Why is Lead Poisoning Still an Important Issue?
October 18, 2013
Renters can Play Important Role in Prevention
Some people might think that lead poisoning is a problem that we've already solved. Unfortunately, it is still an ongoing health challenge for many communities. In response to this challenge Public Health-Madison and Dane County (PHMDC) is conducting an online survey of families who rent their housing to evaluate if they have been provided with information about lead-based paint hazards in compliance with a federal law. Federal law requires that individuals renting or purchasing a home built before 1978 must be informed about the presence of lead-based paint or lead-based paint hazards in the home or rental unit, and be provided any related records or reports, and prevention materials from the US Environmental Protection Agency.
Information gathered from this survey is anonymous and will allow PHMDC to determine if further action is necessary to ensure that this important information about childhood lead poisoning and potential poisoning hazards is being provided to families. If you reside in a rental unit built before 1978, we invite you to click on the link above and following and take the survey.
Lead poisoning is a very serious condition that can result in life-long health consequences in children. Prolonged exposure to lead, even at very low levels, can damage the brain, kidneys, and nervous system and is particularly dangerous to children and pregnant women. Lead poisoning in children can result in an increased risk of learning disabilities, attention deficit-hyperactivity disorder, and behavioral problems. In most cases, these problems show up years after the exposure has occurred.
The only good news about this health threat is that it is both preventable and avoidable. One of the first preventative steps you can take is to identify the potential lead hazards in your home, which is particularly important if you are living in a home or apartment unit built before 1978. Young children and pregnant women have a greater risk of lead exposure due to the use of lead-based paints in these older buildings. These families can get free help to identify these hazards from PHMDC by calling our office at (608) 266-4821.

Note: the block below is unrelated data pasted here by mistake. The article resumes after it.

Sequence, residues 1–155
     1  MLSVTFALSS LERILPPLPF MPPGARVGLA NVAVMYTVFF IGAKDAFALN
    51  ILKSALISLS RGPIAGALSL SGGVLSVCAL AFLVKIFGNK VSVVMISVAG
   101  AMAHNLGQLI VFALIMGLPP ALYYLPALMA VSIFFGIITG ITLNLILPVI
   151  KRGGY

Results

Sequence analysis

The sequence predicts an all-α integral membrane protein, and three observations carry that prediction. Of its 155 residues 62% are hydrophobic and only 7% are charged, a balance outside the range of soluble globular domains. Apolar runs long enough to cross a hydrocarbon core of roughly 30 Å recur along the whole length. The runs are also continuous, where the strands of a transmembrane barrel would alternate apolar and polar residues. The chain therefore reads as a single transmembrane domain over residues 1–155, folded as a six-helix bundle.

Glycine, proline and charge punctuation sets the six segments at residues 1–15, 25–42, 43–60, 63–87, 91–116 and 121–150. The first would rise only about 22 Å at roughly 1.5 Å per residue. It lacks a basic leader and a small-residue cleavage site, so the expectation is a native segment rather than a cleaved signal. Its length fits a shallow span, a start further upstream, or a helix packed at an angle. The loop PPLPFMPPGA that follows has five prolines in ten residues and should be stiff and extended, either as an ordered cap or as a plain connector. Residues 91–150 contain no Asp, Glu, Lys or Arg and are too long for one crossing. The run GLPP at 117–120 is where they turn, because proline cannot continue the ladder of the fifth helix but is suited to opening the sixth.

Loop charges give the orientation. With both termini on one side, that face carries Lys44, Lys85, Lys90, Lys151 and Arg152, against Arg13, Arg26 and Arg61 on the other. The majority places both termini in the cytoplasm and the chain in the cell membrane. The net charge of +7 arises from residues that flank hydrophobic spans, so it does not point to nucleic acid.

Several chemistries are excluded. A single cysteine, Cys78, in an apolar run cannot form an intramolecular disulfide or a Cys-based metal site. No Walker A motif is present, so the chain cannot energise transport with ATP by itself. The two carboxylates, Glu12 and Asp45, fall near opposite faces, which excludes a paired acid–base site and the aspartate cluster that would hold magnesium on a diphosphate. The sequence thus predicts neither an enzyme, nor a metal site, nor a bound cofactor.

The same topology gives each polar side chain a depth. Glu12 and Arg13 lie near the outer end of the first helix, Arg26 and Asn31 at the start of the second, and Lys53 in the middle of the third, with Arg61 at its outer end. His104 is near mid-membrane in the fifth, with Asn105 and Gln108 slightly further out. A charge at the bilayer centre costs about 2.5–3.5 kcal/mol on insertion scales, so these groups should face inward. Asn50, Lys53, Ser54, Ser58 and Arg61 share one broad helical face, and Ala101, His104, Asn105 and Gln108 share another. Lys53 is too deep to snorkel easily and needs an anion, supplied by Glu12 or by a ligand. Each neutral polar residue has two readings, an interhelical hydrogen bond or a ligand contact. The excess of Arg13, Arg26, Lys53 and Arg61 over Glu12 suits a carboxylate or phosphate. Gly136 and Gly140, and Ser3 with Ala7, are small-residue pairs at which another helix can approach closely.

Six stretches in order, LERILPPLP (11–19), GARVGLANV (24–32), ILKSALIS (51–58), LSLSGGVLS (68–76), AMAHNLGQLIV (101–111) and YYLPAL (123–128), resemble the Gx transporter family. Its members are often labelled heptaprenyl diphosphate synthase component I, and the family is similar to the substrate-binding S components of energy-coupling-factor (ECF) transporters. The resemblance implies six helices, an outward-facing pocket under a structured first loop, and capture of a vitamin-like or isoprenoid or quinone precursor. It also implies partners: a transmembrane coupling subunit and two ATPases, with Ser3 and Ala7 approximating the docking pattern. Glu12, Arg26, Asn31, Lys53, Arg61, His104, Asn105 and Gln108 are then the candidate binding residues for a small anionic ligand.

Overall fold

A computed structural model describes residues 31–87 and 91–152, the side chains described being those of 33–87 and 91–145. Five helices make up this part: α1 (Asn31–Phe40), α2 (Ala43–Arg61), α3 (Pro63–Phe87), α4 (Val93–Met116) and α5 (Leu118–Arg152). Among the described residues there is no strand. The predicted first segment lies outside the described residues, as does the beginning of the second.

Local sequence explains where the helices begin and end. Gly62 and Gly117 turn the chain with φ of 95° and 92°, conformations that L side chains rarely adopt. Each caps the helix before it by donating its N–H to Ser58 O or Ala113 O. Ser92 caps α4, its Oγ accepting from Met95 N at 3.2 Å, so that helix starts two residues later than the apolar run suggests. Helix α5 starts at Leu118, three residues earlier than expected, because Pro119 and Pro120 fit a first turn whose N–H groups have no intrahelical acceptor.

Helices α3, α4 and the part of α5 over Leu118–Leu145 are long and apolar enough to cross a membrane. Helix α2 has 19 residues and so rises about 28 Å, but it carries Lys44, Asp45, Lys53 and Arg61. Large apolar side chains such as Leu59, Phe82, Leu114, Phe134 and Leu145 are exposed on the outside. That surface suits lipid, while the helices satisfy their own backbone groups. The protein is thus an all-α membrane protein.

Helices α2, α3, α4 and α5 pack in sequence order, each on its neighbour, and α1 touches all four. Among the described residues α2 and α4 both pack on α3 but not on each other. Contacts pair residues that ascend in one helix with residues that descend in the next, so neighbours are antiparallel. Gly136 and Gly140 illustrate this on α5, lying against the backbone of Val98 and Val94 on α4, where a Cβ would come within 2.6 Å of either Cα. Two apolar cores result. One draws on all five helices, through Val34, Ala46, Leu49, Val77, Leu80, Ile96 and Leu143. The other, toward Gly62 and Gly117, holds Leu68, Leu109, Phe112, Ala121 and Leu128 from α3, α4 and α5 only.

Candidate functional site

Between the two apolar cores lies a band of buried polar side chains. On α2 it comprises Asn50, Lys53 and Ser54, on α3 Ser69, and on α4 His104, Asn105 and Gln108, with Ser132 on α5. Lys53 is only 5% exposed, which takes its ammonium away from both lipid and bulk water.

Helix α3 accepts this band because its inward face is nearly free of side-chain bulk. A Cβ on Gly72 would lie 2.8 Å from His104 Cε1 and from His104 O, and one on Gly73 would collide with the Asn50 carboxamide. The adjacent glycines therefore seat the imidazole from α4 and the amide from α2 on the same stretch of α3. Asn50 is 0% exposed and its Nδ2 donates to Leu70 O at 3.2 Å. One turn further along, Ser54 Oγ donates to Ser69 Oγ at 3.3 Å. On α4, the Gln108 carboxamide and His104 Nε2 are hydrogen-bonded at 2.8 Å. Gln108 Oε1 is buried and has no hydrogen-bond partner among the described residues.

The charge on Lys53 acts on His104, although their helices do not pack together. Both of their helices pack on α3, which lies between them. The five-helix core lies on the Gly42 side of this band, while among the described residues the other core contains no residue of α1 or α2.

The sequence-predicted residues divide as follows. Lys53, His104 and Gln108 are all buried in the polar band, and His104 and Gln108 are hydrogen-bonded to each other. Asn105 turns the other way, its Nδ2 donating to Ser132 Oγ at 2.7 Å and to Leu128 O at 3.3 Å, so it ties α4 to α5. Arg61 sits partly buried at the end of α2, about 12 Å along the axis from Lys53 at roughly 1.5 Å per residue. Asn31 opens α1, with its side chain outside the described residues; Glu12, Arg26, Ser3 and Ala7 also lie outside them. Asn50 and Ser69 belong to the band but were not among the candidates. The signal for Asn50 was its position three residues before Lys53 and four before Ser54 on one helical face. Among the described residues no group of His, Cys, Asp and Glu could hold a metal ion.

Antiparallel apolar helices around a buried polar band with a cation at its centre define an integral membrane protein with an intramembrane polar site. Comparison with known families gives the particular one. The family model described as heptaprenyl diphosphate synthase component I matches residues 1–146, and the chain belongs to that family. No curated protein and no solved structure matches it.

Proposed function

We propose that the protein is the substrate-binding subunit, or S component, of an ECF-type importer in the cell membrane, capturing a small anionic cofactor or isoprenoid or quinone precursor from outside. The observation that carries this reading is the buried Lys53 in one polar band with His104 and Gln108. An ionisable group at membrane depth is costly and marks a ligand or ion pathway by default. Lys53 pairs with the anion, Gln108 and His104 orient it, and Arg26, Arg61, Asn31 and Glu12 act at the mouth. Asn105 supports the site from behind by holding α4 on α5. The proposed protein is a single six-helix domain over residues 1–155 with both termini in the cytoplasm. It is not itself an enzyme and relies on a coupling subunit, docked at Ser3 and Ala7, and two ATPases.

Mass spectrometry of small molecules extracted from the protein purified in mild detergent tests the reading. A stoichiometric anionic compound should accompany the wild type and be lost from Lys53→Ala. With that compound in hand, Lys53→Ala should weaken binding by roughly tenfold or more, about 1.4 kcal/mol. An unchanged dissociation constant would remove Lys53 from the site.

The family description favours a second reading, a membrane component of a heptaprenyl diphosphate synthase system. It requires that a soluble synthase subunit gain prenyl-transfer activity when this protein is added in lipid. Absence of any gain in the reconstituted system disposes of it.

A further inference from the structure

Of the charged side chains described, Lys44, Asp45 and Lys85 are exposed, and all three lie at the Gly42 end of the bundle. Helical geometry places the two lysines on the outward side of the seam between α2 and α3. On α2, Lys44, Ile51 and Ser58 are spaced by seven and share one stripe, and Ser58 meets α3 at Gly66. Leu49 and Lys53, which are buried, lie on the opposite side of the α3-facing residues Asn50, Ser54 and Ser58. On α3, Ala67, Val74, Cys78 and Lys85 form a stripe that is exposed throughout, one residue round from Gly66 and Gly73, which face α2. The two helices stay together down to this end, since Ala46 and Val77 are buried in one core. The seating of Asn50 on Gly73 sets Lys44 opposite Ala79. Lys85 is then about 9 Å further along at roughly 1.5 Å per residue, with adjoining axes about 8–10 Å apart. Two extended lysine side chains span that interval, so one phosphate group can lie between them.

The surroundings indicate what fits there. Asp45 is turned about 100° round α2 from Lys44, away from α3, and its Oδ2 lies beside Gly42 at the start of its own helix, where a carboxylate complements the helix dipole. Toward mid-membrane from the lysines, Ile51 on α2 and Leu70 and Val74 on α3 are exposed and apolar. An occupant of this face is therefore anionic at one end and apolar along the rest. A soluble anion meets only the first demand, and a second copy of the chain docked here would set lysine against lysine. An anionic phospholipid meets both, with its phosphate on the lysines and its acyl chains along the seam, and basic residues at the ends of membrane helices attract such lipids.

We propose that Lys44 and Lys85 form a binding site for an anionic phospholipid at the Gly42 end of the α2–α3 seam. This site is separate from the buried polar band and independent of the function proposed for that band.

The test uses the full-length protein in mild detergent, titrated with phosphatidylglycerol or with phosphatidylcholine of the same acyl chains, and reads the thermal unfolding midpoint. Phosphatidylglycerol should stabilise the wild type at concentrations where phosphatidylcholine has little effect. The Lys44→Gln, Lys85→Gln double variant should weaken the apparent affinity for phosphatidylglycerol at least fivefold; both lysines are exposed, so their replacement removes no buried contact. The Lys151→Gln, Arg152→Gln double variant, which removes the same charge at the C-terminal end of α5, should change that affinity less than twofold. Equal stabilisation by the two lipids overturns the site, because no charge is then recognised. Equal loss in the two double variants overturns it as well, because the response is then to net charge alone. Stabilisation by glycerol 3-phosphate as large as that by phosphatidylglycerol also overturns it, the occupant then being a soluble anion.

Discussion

Private companies also provide this service, which may cost around $100 to $150 depending on the services provided. Information on private companies providing lead risk investigation can be found at
or by calling our office at the above number.
Children at risk of lead poisoning should also have a blood test performed by their health care provider at ages 1 and 2 years old. This is important because lead poisoning often occurs without showing obvious symptoms and frequently goes unrecognized. Parents should contact their health care provider to make an appointment for the test. This is especially important if you live in an older house or apartment or are in environments where there are known lead hazards.
National Lead Poisoning Prevention Week provides us with an important reminder about the dangers of lead exposure to our children and the need to protect this vulnerable population. It also provides opportunities to identify gaps in peoples' awareness of the facts about childhood lead poisoning prevention and guide efforts to help fill these gaps.
Additional information concerning lead hazards and actions you can take to prevent exposure is provided below.
If you have any concerns about lead in your home, please contact us at (608) 266-4821 to schedule a free inspection.
For more detailed information on lead poisoning prevention see our web page at
A useful brochure with information on lead poisoning risks to children can be found at
For clear advice on how to avoid lead exposure during remodeling and painting projects in older homes, see the following brochure:
For information about National Lead Poisoning Prevention Week see
Public Health - Madison & Dane County
- Jeff Golden, (608) 243-0302